sensor on a sprinkler—or a

    counter on a machine—


    there must be some way of

    setting the control so that it

    will respond in a

    predetermined way. In a Figure 3: A closed-loop machine control.

    4 Learning Spoken English

    machine application, the calibration function could be a counter which

    is set so that the machine will produce a certain number of finished


    Human speech is a closed-loop system

    Human speech is a complex learned skill and is dependent on a

    number of memory and neurological functions. Speech is a closed-loop

    system because sensors within the system itself give feedback to the

    control portion of the system. The control then corrects and coordinates

    ongoing speech. In this case, the mind is in control of the closed-loop

    system, the mouth produces the desired product (speech), and auditory

    feedback from the ears and feedback from the nerve sensors in the

    mouth allow the mind to coordinate the speech process in real time.[1]

    When you speak your own language, your mind stores all of the

    vocabulary you need. Your mind also controls your tongue, mouth, and

    breathing. Your hearing is also an important part of the control because

    your ears hear everything your mouth says. Therefore, what you say

    next is partially dependent on the vocabulary and other information

    stored in your mind. But what you say next is also dependent on what

    your ears are hearing your mouth say, and on the feedback that is

    coming from the nerves in your tongue and mouth.

    Because you have spoken your own language all of your life, all of

    this control is automatic—you do not need to think about it. But when

    you learn to speak English, you must retrain all of these processes so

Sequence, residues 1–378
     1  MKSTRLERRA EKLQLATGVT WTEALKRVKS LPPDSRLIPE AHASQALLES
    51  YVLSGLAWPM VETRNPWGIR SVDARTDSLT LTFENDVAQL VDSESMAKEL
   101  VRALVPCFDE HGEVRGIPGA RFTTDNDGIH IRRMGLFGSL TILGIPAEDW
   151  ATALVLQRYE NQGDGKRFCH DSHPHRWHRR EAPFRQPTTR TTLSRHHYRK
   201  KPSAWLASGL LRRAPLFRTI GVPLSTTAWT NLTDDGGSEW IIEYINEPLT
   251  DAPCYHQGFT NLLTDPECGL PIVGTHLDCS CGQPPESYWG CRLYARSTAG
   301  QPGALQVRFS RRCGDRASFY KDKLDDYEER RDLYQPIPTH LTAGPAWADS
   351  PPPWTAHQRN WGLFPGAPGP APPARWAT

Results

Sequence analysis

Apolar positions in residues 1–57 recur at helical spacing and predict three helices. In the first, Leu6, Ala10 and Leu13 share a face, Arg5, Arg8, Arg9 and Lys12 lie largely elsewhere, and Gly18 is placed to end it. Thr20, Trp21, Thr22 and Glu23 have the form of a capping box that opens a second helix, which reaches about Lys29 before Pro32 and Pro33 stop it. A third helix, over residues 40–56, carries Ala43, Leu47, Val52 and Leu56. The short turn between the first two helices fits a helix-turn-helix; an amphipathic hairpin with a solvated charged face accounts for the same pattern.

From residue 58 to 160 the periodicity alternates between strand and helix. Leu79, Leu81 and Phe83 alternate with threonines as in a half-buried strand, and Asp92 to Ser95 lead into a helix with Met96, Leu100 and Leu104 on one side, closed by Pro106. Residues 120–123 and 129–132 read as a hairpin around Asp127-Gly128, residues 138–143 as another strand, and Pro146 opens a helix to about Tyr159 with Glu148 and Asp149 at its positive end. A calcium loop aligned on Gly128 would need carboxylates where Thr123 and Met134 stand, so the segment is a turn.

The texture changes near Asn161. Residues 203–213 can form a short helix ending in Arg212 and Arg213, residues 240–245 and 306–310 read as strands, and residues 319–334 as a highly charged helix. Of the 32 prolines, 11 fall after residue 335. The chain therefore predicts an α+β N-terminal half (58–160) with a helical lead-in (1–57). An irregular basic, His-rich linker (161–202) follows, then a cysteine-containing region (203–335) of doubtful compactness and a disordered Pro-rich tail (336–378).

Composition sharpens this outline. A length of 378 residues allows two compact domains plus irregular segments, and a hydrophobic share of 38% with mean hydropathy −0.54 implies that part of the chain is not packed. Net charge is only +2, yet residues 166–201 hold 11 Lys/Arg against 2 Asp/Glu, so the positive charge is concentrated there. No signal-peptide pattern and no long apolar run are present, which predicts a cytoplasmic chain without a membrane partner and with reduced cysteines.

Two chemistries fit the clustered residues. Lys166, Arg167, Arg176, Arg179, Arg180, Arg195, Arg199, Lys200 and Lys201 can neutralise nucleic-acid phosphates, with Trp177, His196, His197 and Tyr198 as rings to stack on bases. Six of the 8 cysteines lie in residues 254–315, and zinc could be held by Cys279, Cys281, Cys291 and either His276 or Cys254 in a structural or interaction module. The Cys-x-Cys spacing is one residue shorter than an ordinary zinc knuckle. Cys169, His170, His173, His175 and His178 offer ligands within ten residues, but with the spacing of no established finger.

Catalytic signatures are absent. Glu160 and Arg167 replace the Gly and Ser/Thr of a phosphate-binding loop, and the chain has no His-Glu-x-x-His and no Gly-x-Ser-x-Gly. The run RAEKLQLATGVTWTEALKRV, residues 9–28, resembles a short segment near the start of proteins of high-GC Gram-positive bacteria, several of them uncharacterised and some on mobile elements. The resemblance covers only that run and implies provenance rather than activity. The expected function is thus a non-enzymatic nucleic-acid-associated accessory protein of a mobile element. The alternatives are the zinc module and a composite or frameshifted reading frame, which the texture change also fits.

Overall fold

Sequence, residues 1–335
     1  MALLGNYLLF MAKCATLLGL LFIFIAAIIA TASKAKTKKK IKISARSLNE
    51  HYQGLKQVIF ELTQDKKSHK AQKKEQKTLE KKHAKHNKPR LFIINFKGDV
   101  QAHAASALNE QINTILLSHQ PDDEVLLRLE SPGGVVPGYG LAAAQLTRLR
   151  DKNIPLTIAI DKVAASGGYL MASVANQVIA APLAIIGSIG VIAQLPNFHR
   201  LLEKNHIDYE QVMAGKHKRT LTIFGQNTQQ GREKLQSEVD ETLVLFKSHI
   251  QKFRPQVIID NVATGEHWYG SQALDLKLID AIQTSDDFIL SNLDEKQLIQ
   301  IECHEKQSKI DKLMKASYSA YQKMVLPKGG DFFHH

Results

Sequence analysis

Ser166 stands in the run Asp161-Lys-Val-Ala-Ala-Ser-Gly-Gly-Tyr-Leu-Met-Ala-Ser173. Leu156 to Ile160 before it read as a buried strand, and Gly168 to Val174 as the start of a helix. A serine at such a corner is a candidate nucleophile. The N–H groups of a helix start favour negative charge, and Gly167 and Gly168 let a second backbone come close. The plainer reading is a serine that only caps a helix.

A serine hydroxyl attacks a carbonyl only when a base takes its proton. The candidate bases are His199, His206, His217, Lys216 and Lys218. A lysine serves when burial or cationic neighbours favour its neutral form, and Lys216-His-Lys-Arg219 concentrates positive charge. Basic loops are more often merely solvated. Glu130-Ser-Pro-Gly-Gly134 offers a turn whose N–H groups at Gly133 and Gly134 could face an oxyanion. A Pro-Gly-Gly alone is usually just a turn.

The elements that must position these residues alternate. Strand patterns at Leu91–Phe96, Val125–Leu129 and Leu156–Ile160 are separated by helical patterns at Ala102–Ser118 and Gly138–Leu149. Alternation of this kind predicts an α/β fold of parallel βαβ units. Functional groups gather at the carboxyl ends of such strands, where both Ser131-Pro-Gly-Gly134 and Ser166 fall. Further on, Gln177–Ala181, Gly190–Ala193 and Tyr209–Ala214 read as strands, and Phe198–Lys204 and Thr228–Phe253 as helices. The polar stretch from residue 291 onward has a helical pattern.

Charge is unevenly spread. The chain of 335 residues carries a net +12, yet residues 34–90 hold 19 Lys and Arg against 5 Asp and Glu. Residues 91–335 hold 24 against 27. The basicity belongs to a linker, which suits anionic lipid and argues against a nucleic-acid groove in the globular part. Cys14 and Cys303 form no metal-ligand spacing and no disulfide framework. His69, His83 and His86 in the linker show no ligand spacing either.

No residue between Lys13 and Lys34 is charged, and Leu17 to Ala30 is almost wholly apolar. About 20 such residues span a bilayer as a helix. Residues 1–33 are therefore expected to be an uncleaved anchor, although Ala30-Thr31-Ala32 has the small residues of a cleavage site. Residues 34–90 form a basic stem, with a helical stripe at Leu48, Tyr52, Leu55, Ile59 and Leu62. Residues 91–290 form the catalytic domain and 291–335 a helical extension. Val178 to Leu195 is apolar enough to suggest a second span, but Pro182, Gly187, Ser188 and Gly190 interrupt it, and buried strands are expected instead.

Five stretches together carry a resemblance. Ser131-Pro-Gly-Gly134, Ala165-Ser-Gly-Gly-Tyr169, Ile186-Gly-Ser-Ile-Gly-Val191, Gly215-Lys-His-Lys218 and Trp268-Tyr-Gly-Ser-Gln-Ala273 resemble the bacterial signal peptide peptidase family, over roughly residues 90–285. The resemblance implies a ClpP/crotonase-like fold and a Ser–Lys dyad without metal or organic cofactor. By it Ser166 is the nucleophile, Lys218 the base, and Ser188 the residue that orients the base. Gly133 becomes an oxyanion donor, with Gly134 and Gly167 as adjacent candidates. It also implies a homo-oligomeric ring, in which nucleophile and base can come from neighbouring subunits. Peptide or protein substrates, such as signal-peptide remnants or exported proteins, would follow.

that they will all work together at the same time. It is not enough to

    simply put new vocabulary words or grammar drills into your memory.

    You must retrain your mind to use all of the new sounds your ears will

    hear, as well as the new movements of your tongue, mouth, and

    breathing. Yet, since all of these things must happen together for you to

    speak fluent English, all retraining of your memory, hearing, and the

    nerves in your mouth must be done simultaneously.

    The inter-relationship of these functions is shown in the table below.

    The meanings of specialized words are given below the table.

    Teaching Your Tongue to Speak English 5

    The Organ or Primary Function(s) Comments


    The mind 1. vocabulary mem- The mind is the storage

    provides: ory bank for vocabulary.

    2. partial syntax con- Memory is also involved

    trol in structuring syntax.

    3. feedback coordina- The mind uses both

    tion auditory and propriocep-

    4. calibration by the tive feedback to monitor

    speaker to give and calibrate speech in

    meaning to the real time.


    The mouth and 1. sound production The proprioceptive

    related organs 2. breath regulation sense is involved in both

    provide: 3. proprioceptive pronunciation and syntax

    feedback to the feedback. It is essential

    mind in real time for speech control.

    which regulates

    pronunciation and

    provides partial

    syntax control

    Hearing 1. auditory feedback Auditory and proprio-

    provides: to the mind in real ceptive feedback are

    time combined in the mind

    for essential speech con-


    Table 1: The three components of human speech and their primary


    Proprioceptive.[2] Human speech would be impossible without the

    proprioceptive sense. (Proprioceptive refers to the sense within the

    organism itself which detects or controls the movement and location of

    the muscles, tendons, and joints which are used to create speech.) Our

    mouth, vocal cords, diaphragm, and lungs incorporate thousands of

    nerve sensors which the brain uses to control the movement and

    position of these same organs—the mouth, vocal cords, diaphragm, and

    lungs. Imagine the complexity of pronouncing even a single word with